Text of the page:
I think they think...
Overcoming social phobia

(1998). [Video]. Sydney: Monkey See Productions

Available by mail order from Monkey See Productions

I think they think... Overcoming social phobia provides an interesting insight into social phobia and a useful overview of strategies which can be employed in the treatment of the disorder.

Three personal accounts of social phobia are combined with advice and information from two experts with extensive research and clinical experience in the field of anxiety: Dr. Lisa Lampe and Professor Ron Rapee. Ron is the author of the self-treatment book Overcoming Shyness and Social Phobia, which serves as the basis for the video. Like the book, the focus of the video is on cognitive behavioural treatment strategies, which are explained and exemplified in a format which is logical and easy to comprehend.

The video begins by presenting a brief look at the experiences of people with social phobia, and an explanation of the underlying fear. Viewers are then introduced to the concept of self monitoring, in order to gain a more objective understanding of their problems. Subsequent sections cover cognitive restructuring and graded exposure, with the experts providing an explanation of the techniques and their rationale, and the people with the social phobia demonstrating how they implemented these strategies in the management of their own social anxiety. The practical demonstrations of cognitive restructuring are particularly helpful in terms of illustrating to viewers how thoughts, feelings and behaviours are recorded on forms such as those included in the self help treatment manual, and also provide useful examples of the types of evidence which can be used to challenge unrealistic or extreme thoughts. Furthermore, the experiences of one person as he undergoes an exposure task highlights to the viewer the importance of courage, perseverance and acknowledgment of one's accomplishments in achieving success in overcoming social phobia.

The video goes on to outline the benefits of other treatment components, such as group therapy, and meditation. Medication as a treatment options is briefly discussed, although viewers are informed of the limitations associated with this type of therapy. Finally, the video deals with setbacks, presenting them as a normal part of the recovery process, and hence urging the viewer not to lose hope when they are encountered.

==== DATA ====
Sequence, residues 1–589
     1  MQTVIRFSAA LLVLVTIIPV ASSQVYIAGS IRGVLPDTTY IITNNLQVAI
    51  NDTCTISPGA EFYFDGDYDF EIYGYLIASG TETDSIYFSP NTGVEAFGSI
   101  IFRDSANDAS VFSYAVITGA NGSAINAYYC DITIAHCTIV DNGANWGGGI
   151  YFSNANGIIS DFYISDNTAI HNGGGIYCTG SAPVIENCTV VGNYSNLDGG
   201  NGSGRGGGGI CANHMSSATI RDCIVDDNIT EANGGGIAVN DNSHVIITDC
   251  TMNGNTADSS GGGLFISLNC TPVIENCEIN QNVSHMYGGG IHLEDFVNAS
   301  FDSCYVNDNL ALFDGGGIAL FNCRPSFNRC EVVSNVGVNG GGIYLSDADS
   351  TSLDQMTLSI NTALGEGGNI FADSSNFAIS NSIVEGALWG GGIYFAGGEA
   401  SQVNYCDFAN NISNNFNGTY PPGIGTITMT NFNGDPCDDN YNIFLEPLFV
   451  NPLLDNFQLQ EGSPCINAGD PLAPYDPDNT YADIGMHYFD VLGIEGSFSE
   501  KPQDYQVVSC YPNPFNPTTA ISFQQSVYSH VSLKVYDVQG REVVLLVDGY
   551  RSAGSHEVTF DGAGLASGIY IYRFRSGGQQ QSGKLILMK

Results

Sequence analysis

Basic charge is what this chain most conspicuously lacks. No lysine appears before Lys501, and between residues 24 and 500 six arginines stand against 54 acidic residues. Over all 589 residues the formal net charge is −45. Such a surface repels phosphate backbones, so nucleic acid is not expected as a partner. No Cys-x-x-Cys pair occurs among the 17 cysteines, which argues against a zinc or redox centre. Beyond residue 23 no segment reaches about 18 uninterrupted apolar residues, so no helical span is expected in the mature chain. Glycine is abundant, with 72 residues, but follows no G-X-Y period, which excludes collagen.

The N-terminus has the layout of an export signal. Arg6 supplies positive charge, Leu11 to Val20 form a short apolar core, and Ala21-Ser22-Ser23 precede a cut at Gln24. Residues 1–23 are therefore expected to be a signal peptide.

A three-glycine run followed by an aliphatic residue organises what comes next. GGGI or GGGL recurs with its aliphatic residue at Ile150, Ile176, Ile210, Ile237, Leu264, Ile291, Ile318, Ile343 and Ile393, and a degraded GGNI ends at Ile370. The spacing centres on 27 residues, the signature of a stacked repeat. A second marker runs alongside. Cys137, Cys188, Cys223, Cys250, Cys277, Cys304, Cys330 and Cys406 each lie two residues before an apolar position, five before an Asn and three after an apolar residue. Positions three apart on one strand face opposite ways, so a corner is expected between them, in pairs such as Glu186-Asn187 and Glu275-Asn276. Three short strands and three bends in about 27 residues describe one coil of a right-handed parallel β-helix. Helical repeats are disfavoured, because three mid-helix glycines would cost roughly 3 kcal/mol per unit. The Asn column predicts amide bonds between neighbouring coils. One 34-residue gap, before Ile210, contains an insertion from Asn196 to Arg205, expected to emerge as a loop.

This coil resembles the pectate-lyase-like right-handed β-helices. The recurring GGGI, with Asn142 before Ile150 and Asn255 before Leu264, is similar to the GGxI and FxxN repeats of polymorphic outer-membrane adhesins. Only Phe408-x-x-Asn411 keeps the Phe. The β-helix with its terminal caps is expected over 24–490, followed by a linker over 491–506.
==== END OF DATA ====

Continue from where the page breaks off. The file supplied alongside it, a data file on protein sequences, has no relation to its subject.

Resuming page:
Overall, the video covers the essential components of CBT, and is well structured, practical and informative. Techniques and concepts are explained in a clear, straightforward manner, and consolidated by practical examples, thus making them intelligible to the general population. The individuals who tell of their personal experiences are articulate and likeable, which may serve to reassure others with social phobia that having the disorder is not in itself indicative of any personal shortcoming. Moreover, it delivers the positive message that effective treatment for social phobia is available to individuals who are sufficiently motivated to overcome their problems.

I think they think... Overcoming social phobia would probably be used most effectively as an adjunct to therapy, rather than as a stand alone treatment package. Clinicians would find it a useful means by which to illustrate to their clients the concepts and techniques involved in CBT. It would also serve as a helpful introductory resource for individuals who are contemplating therapy for social phobia, but who are unsure of what to expect. Either way, the video is a valuable educational tool for people with social phobia, and can be highly recommended as a worthwhile addition to both clinical and public libraries.

Judith Wilson
School of Behavioural Sciences
Macquarie University

This review appeared in the journal Behaviour Change, Vol 15, No. 3, 1998, pp 198-199 and is reproduced here by kind permission of Australian Academic Press